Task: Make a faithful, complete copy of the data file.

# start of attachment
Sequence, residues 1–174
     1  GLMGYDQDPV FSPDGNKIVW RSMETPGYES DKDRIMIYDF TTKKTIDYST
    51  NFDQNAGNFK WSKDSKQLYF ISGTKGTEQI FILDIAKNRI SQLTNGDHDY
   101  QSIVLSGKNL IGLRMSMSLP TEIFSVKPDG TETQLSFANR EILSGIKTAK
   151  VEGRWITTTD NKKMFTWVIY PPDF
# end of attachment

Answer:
Sequence, residues 1–174
     1  GLMGYDQDPV FSPDGNKIVW RSMETPGYES DKDRIMIYDF TTKKTIDYST
    51  NFDQNAGNFK WSKDSKQLYF ISGTKGTEQI FILDIAKNRI SQLTNGDHDY
   101  QSIVLSGKNL IGLRMSMSLP TEIFSVKPDG TETQLSFANR EILSGIKTAK
   151  VEGRWITTTD NKKMFTWVIY PPDF